Adoption And Fostering Part One: DHHS Makes Plea For More Quality Foster Care Homes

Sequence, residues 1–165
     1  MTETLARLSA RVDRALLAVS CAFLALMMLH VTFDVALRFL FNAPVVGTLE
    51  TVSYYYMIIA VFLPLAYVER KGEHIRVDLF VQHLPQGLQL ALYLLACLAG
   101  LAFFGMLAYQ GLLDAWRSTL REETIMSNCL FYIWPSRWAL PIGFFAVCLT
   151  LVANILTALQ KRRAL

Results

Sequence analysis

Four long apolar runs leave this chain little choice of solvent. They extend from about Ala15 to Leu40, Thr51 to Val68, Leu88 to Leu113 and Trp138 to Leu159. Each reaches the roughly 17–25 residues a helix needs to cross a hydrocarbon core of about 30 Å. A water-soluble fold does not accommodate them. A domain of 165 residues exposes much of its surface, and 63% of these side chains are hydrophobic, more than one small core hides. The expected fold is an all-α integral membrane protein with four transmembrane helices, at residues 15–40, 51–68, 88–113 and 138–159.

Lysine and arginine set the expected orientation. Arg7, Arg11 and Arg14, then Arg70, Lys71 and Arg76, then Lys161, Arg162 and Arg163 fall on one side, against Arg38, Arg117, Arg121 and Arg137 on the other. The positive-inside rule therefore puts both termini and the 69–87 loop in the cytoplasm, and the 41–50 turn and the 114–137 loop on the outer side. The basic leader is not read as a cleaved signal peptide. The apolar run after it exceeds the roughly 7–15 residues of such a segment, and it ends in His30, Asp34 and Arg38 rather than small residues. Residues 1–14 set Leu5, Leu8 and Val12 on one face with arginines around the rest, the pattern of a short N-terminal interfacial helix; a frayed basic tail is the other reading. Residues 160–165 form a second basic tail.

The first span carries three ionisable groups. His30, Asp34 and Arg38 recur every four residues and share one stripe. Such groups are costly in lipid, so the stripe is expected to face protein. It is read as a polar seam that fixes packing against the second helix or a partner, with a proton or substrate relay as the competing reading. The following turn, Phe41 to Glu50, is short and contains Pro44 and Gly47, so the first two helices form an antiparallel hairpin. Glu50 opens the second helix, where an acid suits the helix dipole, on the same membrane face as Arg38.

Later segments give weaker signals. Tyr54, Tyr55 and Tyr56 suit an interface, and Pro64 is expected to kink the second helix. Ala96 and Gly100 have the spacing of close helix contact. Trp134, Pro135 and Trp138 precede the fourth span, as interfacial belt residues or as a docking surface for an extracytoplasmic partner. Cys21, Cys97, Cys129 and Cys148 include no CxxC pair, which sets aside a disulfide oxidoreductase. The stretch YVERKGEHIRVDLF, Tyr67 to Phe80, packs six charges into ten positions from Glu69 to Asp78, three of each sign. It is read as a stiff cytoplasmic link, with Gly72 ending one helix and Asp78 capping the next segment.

May is National Foster Care Awareness Month.Officials with the Department of Health and Human Services say it’s critical to find more homes for children in the foster care system. As generations begin to age out of the foster care system in Maine, it starts to become evident how their struggles from within may set up their future, for better or for worse.The department’s goal now is to improve lives for the children growing up outside of their biological homes.”Right now, in care, we have about 1,800 children and over a third of them are between the ages of zero to three. So, that’s very telling about what’s happening in society, in terms of our babies are struggling to be taken care of, generally speaking,” said Therese Cahill-Low.As the director of the Office of Child and Family Services, she sees firsthand how difficult placement can be.”If you can imagine being picked up, being in your home one day, and then, literally, being picked up, and moved to a place that you don’t know anyone. I often try to remember that when I’m working with these children, because I can’t imagine transitioning smoothly. They are in a place that is not home, and they were put there by someone else, and they had no choice in the matter,” said Cahill-Low.She says placing younger children can be a little more successful.”But, the older children, generally who have been burned by family, and by foster families, don’t want to do that again. And, so for us, we’re trying to figure out what can we provide for a safe place. And that’s really our challenge right now in determining, this isn’t good. I don’t want this many children not to have a safe place to be and trying to figure out how we can provide some kind of setting in which they can go to that’s not a homeless shelter, that’s not couch surfing, that’s not on the streets,” said Cahill-Low.The challenge is finding more quality homes for children entering the foster care system.”The foster parents, we ask if they’re interested, if they would like to take on a child. They can determine what age, how severe the needs. We have ranging obviously, some children, who come into care, have significant medical needs, or behavioral challenge. The foster parents would contact our office, or their local DHHS office, and indicate that they are interested in being a foster parent,” said Cahill-Low.They’re making a plea to anyone that may be interested.”The more variety, the better, because the more opportunity we have to place children in the best match. We have young couples, we have single people, we have older couples, or older individuals. It doesn’t matter if you’re married, or single, or partnering with someone else. We’ll take anyone that wants to give a loving home to a child,” said Cahill-Low.Michael Augustine grew up in the system. Because of attachment issues, he was in 31 homes throughout his youth.”In that time, I had some really awful foster homes. I had abusive homes, neglectful homes. But, I also had some really great homes that would have been terrific foster homes for other kids. But, because of that attachment issue, I could not attach to them, so I continued to act out, and I continued to push people away,” said Augustine.Augustine was adopted at age 23, now has a family of his own and has received his Master’s degree in social work.”For me, I have seen what it was like to live with my biological family as a young adult, and know if I stayed living with them, I would not be where I am today. So, for me, the foster care system saved my life, and it has allowed me to a successful young adult,” said Augustine.Knowing it’s a never-ending cycle that can use constant improvement is his motivation to help improve the system.”I wanted to work with foster children and show them that they can succeed. Yes, they have barriers. Some are going to be a lot harder to overcome than others. But, they can do it,” said Augustine.The department says that they want anyone interested to know that taking a child in will be a challenge, but with those challenges, come rewards.Finding life-long connections for those in their adult years is another need that they are finding with the older generation.If you would like to find out more information about fostering or mentoring, you are urged to call your local DHHS office.You can also visit